"If Sponge Bob Square Pants is on myriad products, including junk food and junk toys and clothing and wallpaper or whatever, then the program itself is a program-length commercial for those products," Linn said.

She and others said they viewed the rules as only a first step in protecting children from what they consider excess commercialization. They said they'd like to see the FCC impose a ban on so-called "interactive" advertising, a technique they fear will take hold in the future.

"We don't want kids to be able to click on a Web address or on a specific character from the television screen and be transported to a commercial Web site," said Patti Miller, a representative from the California-based advocacy group Children Now, which helped to negotiate the final rules. "This type of advertising would violate the FCC's rules about the separation between program and advertising content."

"We don't want kids to be able to click on a Web address or on a specific character from the television screen and be transported to a commercial Web site."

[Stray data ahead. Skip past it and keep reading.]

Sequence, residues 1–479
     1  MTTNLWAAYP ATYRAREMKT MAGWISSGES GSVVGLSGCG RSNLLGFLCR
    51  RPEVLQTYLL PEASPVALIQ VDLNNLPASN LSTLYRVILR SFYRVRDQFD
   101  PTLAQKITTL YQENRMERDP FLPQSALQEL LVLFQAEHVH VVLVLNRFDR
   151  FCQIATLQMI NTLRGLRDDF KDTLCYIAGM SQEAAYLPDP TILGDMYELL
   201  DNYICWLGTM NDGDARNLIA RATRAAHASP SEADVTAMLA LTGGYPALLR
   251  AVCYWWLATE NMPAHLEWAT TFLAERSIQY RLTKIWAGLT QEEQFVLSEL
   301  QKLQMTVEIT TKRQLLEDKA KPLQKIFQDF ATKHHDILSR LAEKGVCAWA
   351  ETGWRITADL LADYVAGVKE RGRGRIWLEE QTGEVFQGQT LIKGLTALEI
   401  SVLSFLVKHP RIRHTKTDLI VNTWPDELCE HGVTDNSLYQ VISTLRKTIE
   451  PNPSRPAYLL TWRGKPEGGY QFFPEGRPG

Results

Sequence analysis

--Patti Miller, representative, Children Now

That issue has already attracted attention in Congress. Last summer, a U.S. Senate panel unanimously adopted an amendment to a massive communications bill that proposed requiring broadcasters and cable operators to "prevent interactivity" in commercial messages aired during children's programming. The amendment's sponsor, Sen. John Rockefeller (D-W.V.), has not decided whether to reintroduce that bill but hopes to hold hearings this year, a spokeswoman said.

The idea is sure to encounter renewed resistance from the advertising industry, which has accused the policy's supporters of "stifling the development of new technologies and innovative forms of programming even before they exist."

It's unclear what steps the FCC might take next. FCC Commissioner Jonathan Adelstein, a Democrat, acknowledged in a statement (PDF) last year that some parts of the rules "are not models of regulatory clarity and certainty" or were too scaled back. Agency spokesman Clyde Ensslin said there are no immediate plans to issue any clarifications to the current rules, and any inquiries are being handled on a "case by case" basis.

What remains is "a quiet-before-the-storm period," said Tarah Grant, a McLean, Va.-based attorney with the firm Hogan & Hartson. "The rules are now effective, but the FCC hasn't begun investigating complaints for alleged violations."